...being taken care of. The penultimate one from this post.
It gets easier to stay away the more you stay away.
The more you don't have a reason to be sitting in front of a computer eight hours a day. The more you stop watching the news or reading the paper or listening to the radio or surfing. The more you focus only on the next meal, or the book that you're reading, or the stack of films you want to go through. The more you stop accepting there's a world out there that will continue to exist whether you believe in it or not. The more you stare at the sky and realise you don't know how to tell how long it's been since you've been staring at it, except to be able to say that it's now morning or evening or night.
And such little things, and the lack of such minor skills, make you wonder again what sort of life you're leading - that we're all leading. Make you look closely at the little blocks on which we base our lives, and when you realise you do not understand what they were based on, make you look closer and closer, till you're squinting so hard that you get a horrible headache, but you keep peering, determined that if you ignore the pain long enough and hold out for a little more, it will all make sense...till suddenly, the pain breaks through to a level where the pain really doesn't affect you anymore (because pain only affects you when it's localised, when it shows up as one point of variance on a wider canvas of equilibrium; and this is a level where you are all pain, and pain is what you are) but you still lose focus and suddenly everything seems so unnatural.
And you draw back and look around, and for a few brief moments, everything that you accepted seems so...bizarre...that you wonder how you didn't notice it before, and how you've been carrying on all this while. Where you notice all the little incongruities and discontinuities and paradoxes that make up life, but which get brushed aside because "that's just how things are".
And the feeling soon fades, but it stays longer every time you return to that state; and getting to that state gets easier each time, till one day you realise you can see the world as it tries to be, and also as how it really is. And you walk around, and go through the motions, and you feel as if you're tapped into a different network, watching another picture, hearing a hidden symphony. And the two yous watch each other in their world, but do not look into the other's eyes.
And you wonder if everything exists simply because you believe in it, and not because it truly is.
...being taken care of. The penultimate one from this post.
There are times when you shouldn't write.
Times when the words come too easily, and too hurtfully. Times when they swarm out, and start attacking you with little nips, some sharper than others. Times when they huddle together to scheme openly, laughing as you try to muscle into the circle, and then form up into questions that you knew they would ask. Questions that you know that you should have asked, and find astonishing that you didn't. But deep-down, you also know why you didn't; know that the answers would tear open a world you rather have wished away. And so you turn the page, and shut the book, and wait till they wither away, all the while clenching yourself from trying to go help them and stop the noise, the clamour, the insidious promises and threats; just holding on till it all dies away.....and then holding on some more to make truly sure, make sure they're well and truly extinguished of any power, because you know better than to fall for that trick again.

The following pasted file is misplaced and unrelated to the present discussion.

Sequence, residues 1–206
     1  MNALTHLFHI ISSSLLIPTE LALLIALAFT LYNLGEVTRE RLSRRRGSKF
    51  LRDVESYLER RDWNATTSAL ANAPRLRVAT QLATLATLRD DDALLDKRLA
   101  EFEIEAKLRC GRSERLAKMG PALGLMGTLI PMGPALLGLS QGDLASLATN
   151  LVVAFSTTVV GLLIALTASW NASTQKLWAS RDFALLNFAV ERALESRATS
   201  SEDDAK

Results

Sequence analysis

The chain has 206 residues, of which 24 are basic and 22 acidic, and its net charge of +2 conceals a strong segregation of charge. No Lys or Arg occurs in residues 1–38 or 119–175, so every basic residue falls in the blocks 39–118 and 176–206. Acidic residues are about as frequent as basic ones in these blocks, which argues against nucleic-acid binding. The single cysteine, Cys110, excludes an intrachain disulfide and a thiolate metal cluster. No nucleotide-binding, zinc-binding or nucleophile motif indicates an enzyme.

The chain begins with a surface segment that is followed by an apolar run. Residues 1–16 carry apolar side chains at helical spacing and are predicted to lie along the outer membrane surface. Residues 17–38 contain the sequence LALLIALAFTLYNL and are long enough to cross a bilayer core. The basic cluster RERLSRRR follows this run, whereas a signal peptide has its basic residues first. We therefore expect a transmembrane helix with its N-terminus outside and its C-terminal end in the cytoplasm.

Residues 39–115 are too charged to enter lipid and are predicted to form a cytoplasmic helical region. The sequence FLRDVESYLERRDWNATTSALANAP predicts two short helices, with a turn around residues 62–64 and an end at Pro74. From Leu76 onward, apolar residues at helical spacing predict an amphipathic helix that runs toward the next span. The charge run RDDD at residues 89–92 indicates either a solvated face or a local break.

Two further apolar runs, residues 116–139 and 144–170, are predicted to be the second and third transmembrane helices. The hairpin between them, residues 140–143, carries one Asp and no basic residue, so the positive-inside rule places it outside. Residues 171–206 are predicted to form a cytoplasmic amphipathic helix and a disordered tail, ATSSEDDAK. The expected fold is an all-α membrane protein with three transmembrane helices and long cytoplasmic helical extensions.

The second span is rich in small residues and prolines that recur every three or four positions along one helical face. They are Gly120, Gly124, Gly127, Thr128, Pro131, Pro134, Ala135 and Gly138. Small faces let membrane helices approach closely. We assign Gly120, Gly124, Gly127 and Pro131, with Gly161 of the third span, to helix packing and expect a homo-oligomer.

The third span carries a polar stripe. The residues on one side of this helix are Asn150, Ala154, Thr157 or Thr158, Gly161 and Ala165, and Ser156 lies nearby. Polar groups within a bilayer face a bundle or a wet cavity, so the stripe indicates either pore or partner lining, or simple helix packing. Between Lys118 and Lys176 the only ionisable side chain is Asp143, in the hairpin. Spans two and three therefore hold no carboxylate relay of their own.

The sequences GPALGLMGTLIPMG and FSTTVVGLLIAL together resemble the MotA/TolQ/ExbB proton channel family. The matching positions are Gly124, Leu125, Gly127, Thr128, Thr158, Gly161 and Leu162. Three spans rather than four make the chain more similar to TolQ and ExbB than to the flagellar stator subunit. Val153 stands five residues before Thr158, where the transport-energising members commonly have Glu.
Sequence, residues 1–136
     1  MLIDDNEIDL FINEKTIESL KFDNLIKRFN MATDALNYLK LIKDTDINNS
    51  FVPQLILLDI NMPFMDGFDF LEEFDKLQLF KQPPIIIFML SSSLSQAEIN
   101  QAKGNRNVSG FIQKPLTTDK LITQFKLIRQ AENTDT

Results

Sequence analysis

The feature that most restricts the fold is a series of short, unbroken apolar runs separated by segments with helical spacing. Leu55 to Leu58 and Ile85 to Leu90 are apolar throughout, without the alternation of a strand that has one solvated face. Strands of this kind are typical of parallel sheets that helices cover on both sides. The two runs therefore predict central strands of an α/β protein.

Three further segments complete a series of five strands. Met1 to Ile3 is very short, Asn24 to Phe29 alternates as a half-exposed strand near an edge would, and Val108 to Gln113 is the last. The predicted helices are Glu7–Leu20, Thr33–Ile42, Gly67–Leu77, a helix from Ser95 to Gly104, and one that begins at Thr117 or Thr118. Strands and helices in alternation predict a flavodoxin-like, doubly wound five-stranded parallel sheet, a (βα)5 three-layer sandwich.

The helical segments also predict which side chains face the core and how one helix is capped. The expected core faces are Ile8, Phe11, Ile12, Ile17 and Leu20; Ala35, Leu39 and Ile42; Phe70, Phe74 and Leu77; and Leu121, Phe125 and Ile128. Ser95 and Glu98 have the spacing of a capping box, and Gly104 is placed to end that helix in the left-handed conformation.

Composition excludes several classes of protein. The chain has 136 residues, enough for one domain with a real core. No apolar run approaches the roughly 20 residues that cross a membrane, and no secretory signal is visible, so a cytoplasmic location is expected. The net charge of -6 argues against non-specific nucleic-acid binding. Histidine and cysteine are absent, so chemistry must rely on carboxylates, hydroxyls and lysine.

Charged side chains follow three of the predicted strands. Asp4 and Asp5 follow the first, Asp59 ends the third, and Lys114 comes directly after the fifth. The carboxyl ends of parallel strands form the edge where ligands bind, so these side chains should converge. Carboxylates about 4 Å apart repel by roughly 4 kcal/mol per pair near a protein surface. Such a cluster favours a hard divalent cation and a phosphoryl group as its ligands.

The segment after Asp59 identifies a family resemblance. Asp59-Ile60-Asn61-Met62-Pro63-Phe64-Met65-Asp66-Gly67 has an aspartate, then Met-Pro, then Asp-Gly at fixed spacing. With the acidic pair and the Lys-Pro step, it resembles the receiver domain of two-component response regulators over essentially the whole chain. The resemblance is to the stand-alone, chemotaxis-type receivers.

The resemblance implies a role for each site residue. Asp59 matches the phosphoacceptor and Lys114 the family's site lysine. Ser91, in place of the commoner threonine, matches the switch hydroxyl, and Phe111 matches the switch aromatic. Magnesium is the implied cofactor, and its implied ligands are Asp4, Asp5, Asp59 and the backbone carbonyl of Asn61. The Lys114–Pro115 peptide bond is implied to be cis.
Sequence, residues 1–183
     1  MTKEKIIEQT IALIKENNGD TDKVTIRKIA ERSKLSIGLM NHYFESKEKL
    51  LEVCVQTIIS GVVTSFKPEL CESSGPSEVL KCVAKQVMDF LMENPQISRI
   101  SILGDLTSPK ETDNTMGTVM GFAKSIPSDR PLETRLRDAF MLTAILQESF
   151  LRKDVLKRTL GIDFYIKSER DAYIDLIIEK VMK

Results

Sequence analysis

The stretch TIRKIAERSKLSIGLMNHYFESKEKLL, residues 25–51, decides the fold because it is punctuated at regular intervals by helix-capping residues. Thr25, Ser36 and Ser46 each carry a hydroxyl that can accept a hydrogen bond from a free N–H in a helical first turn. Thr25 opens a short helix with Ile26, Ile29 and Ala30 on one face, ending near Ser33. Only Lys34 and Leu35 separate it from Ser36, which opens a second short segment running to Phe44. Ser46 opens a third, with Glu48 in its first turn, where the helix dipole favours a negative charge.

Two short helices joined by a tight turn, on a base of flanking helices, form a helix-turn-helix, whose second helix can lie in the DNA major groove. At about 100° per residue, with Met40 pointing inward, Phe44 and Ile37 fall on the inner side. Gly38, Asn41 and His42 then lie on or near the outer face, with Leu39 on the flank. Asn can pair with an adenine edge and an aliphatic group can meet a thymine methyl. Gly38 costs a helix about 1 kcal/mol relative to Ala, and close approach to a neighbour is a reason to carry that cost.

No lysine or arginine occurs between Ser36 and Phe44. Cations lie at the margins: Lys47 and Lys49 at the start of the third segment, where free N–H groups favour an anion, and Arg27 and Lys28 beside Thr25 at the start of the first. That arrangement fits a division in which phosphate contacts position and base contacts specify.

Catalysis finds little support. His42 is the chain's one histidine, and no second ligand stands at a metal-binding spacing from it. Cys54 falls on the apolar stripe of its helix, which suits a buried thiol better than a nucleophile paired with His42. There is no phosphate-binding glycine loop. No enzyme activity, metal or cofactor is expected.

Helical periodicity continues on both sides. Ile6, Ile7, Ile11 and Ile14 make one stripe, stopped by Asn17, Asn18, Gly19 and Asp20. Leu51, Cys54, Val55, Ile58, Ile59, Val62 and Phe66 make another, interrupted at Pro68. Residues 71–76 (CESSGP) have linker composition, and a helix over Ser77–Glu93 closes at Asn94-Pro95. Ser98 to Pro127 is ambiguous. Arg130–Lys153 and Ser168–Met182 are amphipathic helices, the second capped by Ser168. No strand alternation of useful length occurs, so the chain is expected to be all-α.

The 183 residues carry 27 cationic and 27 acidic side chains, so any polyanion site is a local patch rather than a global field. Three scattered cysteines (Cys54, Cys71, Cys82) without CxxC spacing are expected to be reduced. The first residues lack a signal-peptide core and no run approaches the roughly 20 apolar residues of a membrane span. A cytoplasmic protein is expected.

There are times when you shouldn't think.
Times when when it's a mistake to think, when a fleeting trigger sets off a chase to recover that which you had long left tucked away, hidden in some imagined attic of the place you house your memories in. And when you naively pull out the dusty scene, and bring it into the light, you realise with growing alarm what it's really showing, and just how cleverly you have been lying to yourself. And as you look around and notice the hundreds of other times that lie hidden away, suppressed away, you begin to cry for all the betrayals that you've wrought with yourself. And before you begin to scream, screams which you know won't stop till you break completely, you throw what you hold away, and run away from there. And then you breathe, and pretend the calm of your memories was never disturbed by the imprint of questions that required answers that were too dark to let you carry on in ease, once you were touched and forced to look them in the mouth. And you choose your smile, and slip back into the dance, and forget that you ever came close to wondering why you never considered so many things.
There are times when you shouldn't feel.
Times when you cannot run anymore, and are caught up with and held down and pinned back and made to face it all. And you will struggle and writhe and scream for mercy, but they will crawl all over you and slip into you, passing into you through your skin, infecting you till you cannot think of anything but them, cannot think of anything but what they want you to, as they rampage around opening up and wringing all that is, in essence, you...till you cannot but look at yourself, cannot refuse to and recognise yourself and admit for once that, yes, yes, this is who I really am. And that's when the horror truly begins.
There are times when you shouldn't ... be.